Background: 2nd book of the "Shiva Trilogy", which consists of:
1/ The immortals of Mehula (find review in my earlier posts)
2/ The secret of the Nagas &
3/ The oath of Vayuputras (expected to be released by Dec, 2012)
In Shiva Trilogy, Amish takes a unique approach of looking at "Shiv Puran" or so to say, our entire belief about Hindu Mythology. Whether Gods are super-humans mentioned only in mythological stories or they were humans, known as Gods today, because of the decisions they took and role they played in human history?
I would advise to pick this book up after you finish "The immortals of Mehula". This will help you to appreciate the plot & context better.
Verdict & Feel: A good read and apt sequel to "The immortals of Mehula". As it normally happens in book series, this 2nd book is more intriguing as the story moves at a much faster pace with the plot taking a firm & interesting shape leaving us wanting for more. Again, there is no escape from buying the next (& final) book of the trilogy (this time, I am looking forward to it, though..!!).
After the basic introduction of the concept of "duality" in his last book, Amish does a great job in explaining it in greater detail in this book along with delving deeper into complex phenomenons like "Good" & "Evil".
As I had very little knowledge of Shiv Puran, I feel enriched after reading these 2 books. I feel even more strongly that all Indian scriptures tell us about the same things, by personifying the forces at play in our mind & heart, weaved in grand larger-than-life stories. Ironically, we have become too rigid in our reading of scriptures / mythology to look beyond words and consider them as a read for spiritual flight only to be pursued after we have lived our real life.
- the language is simple and writing style is straight forward. Story flows on a linear plane at a constant pace. However, there is enough to be told in this book, to keep the reader engaged.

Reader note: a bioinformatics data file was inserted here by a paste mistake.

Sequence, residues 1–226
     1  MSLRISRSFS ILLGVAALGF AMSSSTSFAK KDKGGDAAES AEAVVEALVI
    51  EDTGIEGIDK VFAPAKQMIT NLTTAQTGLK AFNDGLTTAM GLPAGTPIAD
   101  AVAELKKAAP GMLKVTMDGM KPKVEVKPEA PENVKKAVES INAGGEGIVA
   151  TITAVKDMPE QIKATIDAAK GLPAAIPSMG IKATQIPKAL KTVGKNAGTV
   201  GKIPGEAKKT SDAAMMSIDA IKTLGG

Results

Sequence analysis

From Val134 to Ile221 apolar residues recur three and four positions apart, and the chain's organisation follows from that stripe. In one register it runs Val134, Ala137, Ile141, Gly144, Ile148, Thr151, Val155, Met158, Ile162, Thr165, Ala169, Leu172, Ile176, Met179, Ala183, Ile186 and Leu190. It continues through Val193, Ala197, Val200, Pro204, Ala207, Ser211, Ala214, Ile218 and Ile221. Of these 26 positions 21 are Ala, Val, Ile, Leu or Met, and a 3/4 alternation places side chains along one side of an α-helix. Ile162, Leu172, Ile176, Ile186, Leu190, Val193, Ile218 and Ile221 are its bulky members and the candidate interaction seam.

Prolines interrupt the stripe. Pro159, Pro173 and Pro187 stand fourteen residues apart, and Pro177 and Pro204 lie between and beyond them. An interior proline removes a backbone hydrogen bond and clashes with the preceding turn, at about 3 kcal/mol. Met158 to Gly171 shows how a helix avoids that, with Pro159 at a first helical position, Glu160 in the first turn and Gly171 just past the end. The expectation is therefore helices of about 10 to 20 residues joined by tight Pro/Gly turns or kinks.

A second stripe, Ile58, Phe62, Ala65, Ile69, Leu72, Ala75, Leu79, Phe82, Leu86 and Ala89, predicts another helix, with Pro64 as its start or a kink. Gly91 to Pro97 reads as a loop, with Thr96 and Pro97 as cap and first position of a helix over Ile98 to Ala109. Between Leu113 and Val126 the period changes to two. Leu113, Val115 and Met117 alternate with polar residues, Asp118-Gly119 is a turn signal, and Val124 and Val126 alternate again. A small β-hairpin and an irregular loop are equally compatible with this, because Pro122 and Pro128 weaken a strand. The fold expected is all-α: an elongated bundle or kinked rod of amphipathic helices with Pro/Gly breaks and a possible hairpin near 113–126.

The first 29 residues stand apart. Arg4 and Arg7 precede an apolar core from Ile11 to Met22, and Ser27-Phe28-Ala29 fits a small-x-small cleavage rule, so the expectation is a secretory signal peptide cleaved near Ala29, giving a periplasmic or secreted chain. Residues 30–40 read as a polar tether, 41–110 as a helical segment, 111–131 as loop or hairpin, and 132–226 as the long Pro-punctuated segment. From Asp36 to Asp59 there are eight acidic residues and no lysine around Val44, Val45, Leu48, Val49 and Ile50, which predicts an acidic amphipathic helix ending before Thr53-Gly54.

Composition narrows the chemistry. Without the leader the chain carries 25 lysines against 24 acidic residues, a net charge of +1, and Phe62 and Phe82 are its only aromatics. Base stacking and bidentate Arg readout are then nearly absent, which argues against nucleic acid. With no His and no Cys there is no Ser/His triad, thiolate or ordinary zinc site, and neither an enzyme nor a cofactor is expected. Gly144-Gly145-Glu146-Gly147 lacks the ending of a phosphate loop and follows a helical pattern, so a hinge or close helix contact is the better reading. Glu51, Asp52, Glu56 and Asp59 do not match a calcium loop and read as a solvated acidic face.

- Amish's ability to go into details and create a visual of the scene in front of our eyes is phenomenal. I continue to believe that this is only a necessity of this series and Amish has more variety to offer in his future writings.
- the key concepts of duality, good, evil etc are explained in decent detail across the book, unlike "Immortals of Mehula" where the story doesn't unfold beyond pure fiction until last few pages.
Time: Took me about 4 days of average reading.
- Would like to emphasize at the cost of repetition (as mentioned in review of "The Immortals of Mehula" too) - the map of India in 1900 BC, provided inside front cover of the book is indispensable to understand the story better!
- Amish has put no efforts (no mention in the preface; absence of any disclaimer/s) to relate the plots, events, locations and names mentioned in the book to today's knowledge of the same in history or mythology. It looks like Amish is capturing the key historical / mythological people, events & understanding, using fiction as a way of narration. I really hope Amish relate the story to present day belief in the last book of the Trilogy.
My Rating: Shiva Trilogy - 7/10; The Secret of Nagas - 7/10